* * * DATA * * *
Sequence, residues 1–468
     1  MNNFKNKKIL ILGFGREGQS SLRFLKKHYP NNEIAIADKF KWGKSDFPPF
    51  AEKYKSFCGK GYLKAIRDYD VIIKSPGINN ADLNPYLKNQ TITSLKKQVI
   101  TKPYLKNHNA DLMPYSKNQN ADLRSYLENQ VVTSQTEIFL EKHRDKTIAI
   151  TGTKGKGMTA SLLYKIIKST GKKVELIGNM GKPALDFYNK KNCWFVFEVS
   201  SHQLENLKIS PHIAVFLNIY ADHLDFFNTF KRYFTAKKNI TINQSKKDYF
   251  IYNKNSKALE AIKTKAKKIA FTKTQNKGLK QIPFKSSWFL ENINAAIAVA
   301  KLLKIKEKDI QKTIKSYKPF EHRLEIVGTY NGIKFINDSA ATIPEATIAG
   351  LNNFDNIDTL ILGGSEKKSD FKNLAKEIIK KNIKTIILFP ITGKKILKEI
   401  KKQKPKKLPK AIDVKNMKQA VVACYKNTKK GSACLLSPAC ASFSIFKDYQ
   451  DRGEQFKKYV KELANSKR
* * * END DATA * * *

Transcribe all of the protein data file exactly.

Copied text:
Sequence, residues 1–468
     1  MNNFKNKKIL ILGFGREGQS SLRFLKKHYP NNEIAIADKF KWGKSDFPPF
    51  AEKYKSFCGK GYLKAIRDYD VIIKSPGINN ADLNPYLKNQ TITSLKKQVI
   101  TKPYLKNHNA DLMPYSKNQN ADLRSYLENQ VVTSQTEIFL EKHRDKTIAI
   151  TGTKGKGMTA SLLYKIIKST GKKVELIGNM GKPALDFYNK KNCWFVFEVS
   201  SHQLENLKIS PHIAVFLNIY ADHLDFFNTF KRYFTAKKNI TINQSKKDYF
   251  IYNKNSKALE AIKTKAKKIA FTKTQNKGLK QIPFKSSWFL ENINAAIAVA
   301  KLLKIKEKDI QKTIKSYKPF EHRLEIVGTY NGIKFINDSA ATIPEATIAG
   351  LNNFDNIDTL ILGGSEKKSD FKNLAKEIIK KNIKTIILFP ITGKKILKEI
   401  KKQKPKKLPK AIDVKNMKQA VVACYKNTKK GSACLLSPAC ASFSIFKDYQ
   451  DRGEQFKKYV KELANSKR